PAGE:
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July 8, 2014

School focused on dyslexia is building unique space for multi-sensory learning

Image courtesy of NAC Architecture [enlarge]

Hamlin Robinson School recently broke ground on its future home at 1701 S. 20th St. in Seattle. The independent school for grades 1-8 is moving from the former T.T. Minor elementary school at 1700 E. Union St.

General contractor Kirtley-Cole Associates expects to finish the 45,000-square-foot project next June.

The school will have 21 classrooms, library, science lab, art and music rooms, gym, innovation/technology lab and the HRS Learning Center.

Hamlin Robinson specializes in teaching people with dyslexia and other language-based learning differences. A Kirtley-Cole release says the new school will be the first in the nation to be designed and built for a unique multi-sensory teaching method.

NAC Architecture designed the building to support the teaching method with natural lighting, soundproofing, special floor plans and temperature controls. Those details are expected to help students focus better and perform to their potential.

The project team is Warren Co. (owner's representative), Springline Design (civil), Andrews Landscape Architects, DCI Engineers (structural), CDI Engineers, (mechanical) and Travis Fitzmaurice & Associates (electrical).

Hamlin Robinson has operated in four locations during its 31-year existence. It has leased space in the 49,754-square-foot T.T. Minor building for several years from Seattle Public Schools.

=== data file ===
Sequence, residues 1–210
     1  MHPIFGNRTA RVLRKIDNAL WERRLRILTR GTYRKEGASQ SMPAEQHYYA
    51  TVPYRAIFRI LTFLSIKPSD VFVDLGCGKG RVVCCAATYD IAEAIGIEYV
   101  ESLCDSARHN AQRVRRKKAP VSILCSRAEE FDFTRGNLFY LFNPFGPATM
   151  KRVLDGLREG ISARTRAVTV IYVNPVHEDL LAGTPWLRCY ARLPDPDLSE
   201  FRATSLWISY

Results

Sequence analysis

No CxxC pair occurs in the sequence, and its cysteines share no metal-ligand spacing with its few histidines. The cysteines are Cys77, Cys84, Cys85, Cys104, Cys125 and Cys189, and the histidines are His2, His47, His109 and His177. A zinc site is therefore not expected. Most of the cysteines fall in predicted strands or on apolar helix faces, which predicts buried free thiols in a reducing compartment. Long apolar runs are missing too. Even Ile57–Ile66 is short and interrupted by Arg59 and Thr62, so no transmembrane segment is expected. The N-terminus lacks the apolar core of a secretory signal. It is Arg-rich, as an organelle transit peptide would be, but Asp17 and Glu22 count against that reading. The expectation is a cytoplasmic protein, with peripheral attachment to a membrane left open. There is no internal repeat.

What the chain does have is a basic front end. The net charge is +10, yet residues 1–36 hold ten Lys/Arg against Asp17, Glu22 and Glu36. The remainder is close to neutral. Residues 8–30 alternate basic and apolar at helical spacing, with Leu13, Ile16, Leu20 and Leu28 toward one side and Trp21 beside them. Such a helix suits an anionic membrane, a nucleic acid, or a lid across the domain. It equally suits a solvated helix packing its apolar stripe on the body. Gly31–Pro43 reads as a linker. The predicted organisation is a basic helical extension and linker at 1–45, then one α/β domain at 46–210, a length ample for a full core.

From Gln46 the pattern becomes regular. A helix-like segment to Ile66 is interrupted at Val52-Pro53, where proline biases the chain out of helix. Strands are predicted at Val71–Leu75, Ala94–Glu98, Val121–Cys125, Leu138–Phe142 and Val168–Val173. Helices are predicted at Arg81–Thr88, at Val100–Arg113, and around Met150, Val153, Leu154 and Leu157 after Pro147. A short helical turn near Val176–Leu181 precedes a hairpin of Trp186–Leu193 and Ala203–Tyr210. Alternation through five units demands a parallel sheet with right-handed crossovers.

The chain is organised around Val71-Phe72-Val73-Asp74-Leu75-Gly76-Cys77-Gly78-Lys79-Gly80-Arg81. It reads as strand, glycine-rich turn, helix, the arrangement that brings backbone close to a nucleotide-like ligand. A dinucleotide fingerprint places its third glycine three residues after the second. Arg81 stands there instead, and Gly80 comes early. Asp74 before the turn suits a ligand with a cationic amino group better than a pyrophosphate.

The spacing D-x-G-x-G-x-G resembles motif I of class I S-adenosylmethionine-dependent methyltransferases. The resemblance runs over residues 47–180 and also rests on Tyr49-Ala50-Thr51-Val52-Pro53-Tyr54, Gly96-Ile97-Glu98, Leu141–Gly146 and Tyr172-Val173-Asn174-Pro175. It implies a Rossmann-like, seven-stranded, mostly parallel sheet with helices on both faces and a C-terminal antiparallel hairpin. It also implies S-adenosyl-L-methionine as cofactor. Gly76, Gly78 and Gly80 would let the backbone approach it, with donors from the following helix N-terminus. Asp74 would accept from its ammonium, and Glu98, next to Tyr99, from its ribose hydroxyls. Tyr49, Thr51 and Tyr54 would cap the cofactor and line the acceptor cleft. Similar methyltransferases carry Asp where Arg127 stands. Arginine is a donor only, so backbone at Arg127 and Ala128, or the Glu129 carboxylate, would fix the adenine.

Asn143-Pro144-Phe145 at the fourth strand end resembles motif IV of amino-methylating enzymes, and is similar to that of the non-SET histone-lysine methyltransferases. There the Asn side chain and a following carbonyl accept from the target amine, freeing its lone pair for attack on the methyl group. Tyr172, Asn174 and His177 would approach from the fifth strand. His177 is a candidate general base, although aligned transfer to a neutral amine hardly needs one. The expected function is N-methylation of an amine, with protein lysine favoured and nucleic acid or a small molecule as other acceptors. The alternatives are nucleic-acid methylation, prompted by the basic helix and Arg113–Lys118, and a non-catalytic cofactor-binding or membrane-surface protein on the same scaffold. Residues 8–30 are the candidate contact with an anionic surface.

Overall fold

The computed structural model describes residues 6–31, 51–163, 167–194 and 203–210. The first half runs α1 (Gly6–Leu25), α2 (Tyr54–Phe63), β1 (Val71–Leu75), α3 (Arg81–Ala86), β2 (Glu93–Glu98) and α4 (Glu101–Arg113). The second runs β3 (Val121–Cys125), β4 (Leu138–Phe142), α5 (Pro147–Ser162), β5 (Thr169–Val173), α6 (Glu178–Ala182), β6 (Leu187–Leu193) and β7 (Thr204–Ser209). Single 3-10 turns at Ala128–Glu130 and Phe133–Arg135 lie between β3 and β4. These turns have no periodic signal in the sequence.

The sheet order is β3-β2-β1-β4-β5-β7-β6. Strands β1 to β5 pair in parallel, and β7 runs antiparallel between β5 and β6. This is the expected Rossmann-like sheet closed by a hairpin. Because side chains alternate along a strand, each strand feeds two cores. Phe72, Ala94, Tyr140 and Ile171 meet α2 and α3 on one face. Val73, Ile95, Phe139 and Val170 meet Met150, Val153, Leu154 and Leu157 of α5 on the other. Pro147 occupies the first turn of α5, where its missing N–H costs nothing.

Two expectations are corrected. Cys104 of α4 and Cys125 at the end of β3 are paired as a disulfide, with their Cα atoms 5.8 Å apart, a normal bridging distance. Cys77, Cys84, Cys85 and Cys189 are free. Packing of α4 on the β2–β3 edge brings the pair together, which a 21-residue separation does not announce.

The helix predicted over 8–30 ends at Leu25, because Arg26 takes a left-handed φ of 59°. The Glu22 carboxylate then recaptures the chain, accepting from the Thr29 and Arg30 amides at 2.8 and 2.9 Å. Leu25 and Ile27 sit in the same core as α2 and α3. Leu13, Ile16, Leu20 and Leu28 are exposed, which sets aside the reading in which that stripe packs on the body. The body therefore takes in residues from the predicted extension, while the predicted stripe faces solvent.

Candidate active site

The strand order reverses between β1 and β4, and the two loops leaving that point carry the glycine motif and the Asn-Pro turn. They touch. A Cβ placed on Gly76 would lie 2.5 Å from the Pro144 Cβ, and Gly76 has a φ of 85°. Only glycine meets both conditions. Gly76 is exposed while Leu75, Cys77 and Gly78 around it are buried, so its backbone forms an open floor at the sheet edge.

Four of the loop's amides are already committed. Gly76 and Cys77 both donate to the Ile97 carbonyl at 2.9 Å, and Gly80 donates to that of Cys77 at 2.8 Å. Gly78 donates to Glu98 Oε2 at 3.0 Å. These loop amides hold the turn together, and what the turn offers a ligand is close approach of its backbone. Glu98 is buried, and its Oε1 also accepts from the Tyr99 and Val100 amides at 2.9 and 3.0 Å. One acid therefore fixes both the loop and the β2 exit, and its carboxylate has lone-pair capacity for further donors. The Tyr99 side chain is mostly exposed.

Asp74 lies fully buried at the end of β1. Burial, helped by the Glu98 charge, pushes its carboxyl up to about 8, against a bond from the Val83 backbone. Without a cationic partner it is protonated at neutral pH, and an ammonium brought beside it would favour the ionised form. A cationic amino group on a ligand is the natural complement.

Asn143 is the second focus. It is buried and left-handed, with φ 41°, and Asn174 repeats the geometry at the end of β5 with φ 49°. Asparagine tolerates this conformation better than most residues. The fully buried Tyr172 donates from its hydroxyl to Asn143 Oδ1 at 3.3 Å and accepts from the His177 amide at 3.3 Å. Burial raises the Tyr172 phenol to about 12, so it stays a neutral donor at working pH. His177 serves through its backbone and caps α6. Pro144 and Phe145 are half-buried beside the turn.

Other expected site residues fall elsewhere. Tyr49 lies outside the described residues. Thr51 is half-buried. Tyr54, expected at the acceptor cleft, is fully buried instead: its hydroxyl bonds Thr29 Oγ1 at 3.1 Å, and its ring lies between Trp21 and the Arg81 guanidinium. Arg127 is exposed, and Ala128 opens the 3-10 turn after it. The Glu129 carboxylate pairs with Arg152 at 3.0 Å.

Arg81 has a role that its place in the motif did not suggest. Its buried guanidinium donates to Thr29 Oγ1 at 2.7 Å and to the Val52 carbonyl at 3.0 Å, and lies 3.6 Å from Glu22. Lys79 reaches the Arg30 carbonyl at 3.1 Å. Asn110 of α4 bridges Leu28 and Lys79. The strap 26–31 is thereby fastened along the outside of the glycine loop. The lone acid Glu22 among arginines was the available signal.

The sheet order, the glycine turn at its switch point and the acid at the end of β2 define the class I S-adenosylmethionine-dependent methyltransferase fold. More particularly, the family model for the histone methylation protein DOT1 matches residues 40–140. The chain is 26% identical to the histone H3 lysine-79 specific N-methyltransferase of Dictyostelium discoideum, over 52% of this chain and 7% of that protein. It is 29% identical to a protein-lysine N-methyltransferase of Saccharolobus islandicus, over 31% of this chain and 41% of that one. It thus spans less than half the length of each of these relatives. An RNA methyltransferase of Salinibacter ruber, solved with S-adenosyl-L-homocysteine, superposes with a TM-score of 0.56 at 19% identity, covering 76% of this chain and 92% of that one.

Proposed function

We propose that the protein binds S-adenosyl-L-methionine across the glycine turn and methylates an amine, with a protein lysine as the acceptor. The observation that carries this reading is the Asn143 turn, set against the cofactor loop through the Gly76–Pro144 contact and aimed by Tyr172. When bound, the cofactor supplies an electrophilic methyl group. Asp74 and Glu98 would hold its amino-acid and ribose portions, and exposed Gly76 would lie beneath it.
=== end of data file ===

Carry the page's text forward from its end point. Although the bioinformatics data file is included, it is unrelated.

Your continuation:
Next June, Seattle Schools will begin modernizing the 1940 T.T. Minor building to house a bilingual program called Seattle World School. The budget for that school is $14 million and the new space should open in the fall of 2016.

Seattle World School and Nova High School now occupy Meany Middle School at 301 21st Ave. E.

Nova, an alternative school, will move to Horace Mann School at 2410 E. Cherry St., where an addition and renovation is underway. That project, with a $12.6 million budget, is expected to open this fall.

Once the two schools move out of Meany, that building will get a $14.2 million renovation and reopen in fall 2017 as a middle school.


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